Saturday, September 23, 2023

His Other Wife by Nicole Trope


While reading the summary for this book I thought it might have been Jane Eyre-inspired but if anything, it's more like Rebecca. Charlotte is a forty-year-old interior decorator who has just married a man named Gideon, who has a young daughter, named Emily. For a woman who has always wanted a family, this feels like a dream come true. There's just one catch: Gideon's first wife, Sarah, is still in the picture. Sarah, his first love, and mother to his child. Sarah, who was the perfect wife... until she started hearing voices and being unable to sleep.

Sarah has only just recently gotten out of a psychiatric facility and everyone has agreed that she should still be a part of Emily's life. But Charlotte is resentful of this. She feels like Sarah is trying to steal her husband away and thinks it would be a lot better if Sarah went back to the hospital. Or better yet... if she died. Leaving her alone with Emily and Gideon forever. When Sarah begins slipping again, Charlotte is exhilarated. But what if... Sarah's not imagining her fears?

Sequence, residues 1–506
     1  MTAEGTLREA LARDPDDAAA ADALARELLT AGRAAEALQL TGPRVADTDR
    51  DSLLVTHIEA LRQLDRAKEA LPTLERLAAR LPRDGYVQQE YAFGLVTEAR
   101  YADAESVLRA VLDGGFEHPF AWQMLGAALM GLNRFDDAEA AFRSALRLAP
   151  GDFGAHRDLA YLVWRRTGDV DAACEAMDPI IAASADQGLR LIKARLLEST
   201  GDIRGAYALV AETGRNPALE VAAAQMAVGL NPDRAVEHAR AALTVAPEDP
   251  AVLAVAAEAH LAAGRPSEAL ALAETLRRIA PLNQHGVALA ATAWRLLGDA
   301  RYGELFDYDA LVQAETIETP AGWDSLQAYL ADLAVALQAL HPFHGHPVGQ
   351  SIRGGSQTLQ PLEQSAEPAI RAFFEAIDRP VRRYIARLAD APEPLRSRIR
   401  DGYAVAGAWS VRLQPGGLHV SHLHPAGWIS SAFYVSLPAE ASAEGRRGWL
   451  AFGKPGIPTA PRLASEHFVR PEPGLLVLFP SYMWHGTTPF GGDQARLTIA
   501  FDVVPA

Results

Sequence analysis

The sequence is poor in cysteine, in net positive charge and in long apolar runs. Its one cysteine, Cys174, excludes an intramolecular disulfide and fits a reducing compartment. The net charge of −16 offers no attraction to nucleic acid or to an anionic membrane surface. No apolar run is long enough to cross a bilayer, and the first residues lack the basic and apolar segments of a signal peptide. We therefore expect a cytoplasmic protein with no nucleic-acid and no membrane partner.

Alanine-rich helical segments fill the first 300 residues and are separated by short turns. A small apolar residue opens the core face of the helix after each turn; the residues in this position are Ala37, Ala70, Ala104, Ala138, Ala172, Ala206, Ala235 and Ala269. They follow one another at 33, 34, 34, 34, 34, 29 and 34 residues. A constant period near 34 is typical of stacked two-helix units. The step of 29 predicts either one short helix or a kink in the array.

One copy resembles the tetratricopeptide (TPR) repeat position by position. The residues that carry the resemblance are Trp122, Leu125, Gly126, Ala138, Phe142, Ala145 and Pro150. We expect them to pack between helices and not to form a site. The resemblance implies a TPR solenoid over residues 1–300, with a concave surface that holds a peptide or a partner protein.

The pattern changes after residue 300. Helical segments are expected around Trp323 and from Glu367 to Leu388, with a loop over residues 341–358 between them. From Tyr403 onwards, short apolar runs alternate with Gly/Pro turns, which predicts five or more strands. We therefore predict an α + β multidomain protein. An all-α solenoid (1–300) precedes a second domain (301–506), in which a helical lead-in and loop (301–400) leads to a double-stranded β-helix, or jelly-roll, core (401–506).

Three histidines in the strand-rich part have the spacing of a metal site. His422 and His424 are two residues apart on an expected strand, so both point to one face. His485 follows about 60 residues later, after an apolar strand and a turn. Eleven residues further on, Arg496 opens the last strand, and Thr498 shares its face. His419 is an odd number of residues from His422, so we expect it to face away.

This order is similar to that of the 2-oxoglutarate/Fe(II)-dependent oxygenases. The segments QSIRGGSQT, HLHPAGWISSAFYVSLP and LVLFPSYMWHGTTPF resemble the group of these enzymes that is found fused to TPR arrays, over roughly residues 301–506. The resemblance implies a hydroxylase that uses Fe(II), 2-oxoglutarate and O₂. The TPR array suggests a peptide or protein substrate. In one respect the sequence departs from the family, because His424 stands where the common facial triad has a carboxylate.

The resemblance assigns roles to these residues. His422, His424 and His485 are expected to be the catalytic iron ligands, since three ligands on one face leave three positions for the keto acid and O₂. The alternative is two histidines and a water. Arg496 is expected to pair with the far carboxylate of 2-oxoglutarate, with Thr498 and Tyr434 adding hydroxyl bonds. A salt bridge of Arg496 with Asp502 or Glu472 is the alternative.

Or worse: what if she IS?

I don't read a lot of domestic suspense because a lot of it revolves around motherhood and that is something that just isn't very interesting to me. Case in point: Charlotte is close to my age, but she can think of nothing but babies and being the perfect mother and biological clocks. Women in these books tend to define themselves by nothing but motherhood and children, and that's fine, but that's not who I am or even something I'm really interested in, so I tend to avoid books like these as a matter of fact. But the psychological element really roped me in, and so did the tension between the two wives. I do feel like this was probably inspired by REBECCA, but whatever you think is happening, it probably isn't what you think. I was surprised by the ending. I think it worked.

But oh my God, all of these characters were awful. The little girl, Emily, was sweet, and I felt bad and worried about Sarah. But Gideon, Charlotte, and her mother? Hate, hate, hate, loathe entirely. And there were a bunch of other total trash people in this book as well, who I'm not going to talk about because spoilers. This is not one of those thrillers where you read the book rooting for or relating with the protagonists involved. I basically hate-read my way to the end, grimly demanding justice. This was honestly such a stressful, nail-biting experience. But did it keep me hooked? Also yes.

3 out of 5 stars

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